Winner of the 2016 Vine Award for Nonfiction
The Allied soldiers who liberated the Nazi concentration camp at Bergen-Belsen in April 1945 were faced with scenes of horror and privation. With breathtaking thoroughness, Distance from the Belsen Heap documents what they saw and how they came to terms with those images over the course of the next seventy years. On the basis of research in more than seventy archives in four countries, Mark Celinscak analyses how these military personnel struggled with the intense experience of the camp; how they attempted to describe what they had seen, heard, and felt to those back home; and how their lives were transformed by that experience. He also brings to light the previously unacknowledged presence of hundreds of Canadians among the camp’s liberators, including noted painter Alex Colville.
Distance from the Belsen Heap examines the experiences of hundreds of British and Canadian eyewitnesses to atrocity, including war artists, photographers, medical personnel, and chaplains. A study of the complicated encounter between these Allied soldiers and the horrors of the Holocaust, Distance from the Belsen Heap is a testament to their experience.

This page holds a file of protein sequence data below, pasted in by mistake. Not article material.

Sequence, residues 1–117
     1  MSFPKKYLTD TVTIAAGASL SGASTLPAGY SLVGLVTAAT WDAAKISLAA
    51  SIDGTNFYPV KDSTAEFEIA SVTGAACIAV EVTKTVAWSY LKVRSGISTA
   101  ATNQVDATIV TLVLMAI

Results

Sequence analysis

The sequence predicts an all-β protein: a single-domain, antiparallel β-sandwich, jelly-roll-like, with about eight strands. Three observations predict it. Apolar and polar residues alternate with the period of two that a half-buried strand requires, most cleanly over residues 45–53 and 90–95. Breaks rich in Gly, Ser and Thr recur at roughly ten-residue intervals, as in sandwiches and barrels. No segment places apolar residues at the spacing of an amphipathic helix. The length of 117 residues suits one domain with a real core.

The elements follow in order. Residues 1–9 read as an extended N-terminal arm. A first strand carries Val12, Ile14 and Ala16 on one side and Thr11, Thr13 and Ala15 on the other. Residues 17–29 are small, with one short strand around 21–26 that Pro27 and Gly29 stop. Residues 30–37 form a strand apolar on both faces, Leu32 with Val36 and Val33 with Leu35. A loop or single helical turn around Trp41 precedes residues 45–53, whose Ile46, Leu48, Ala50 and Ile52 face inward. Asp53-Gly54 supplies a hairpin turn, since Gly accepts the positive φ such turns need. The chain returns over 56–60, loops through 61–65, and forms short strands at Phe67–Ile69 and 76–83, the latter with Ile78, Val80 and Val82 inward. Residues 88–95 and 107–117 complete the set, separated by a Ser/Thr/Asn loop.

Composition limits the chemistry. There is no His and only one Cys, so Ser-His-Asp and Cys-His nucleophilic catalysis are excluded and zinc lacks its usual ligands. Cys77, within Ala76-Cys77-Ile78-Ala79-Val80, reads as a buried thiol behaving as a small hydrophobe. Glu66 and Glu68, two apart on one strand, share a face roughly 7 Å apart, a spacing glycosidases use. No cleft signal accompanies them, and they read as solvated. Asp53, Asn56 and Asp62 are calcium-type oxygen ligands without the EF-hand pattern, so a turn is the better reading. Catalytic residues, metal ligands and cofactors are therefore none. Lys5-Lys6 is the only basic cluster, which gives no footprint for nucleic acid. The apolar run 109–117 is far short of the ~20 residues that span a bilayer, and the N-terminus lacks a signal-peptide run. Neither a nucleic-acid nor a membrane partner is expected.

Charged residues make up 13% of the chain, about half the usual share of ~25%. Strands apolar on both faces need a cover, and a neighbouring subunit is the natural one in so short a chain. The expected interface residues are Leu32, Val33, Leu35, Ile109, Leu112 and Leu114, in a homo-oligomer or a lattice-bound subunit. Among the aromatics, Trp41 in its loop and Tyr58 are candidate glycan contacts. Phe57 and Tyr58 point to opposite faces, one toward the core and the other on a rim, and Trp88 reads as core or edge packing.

|Publisher:||University of Toronto Press, Scholarly Publishing Division|
|Product dimensions:||6.02(w) x 9.00(h) x 0.75(d)|
About the Author
Table of Contents
Chapter One: Experience, Narrative and Meaning
Chapter Two: The Rhine, the Heath, the Wire
Chapter Three: The Distance of Presence
Chapter Four: A Camp on Exhibit
Chapter Five: The Impossible Real
Chapter Six: Padres, Patients and Pathologies
Conclusion: A Past Intensity
What People are Saying About This
“By focusing on the camp’s liberators and their attempts to understand and communicate ideas about their experience, Distance from the Belsen Heap adds a new dimension to our knowledge of an important aspect of the Holocaust.”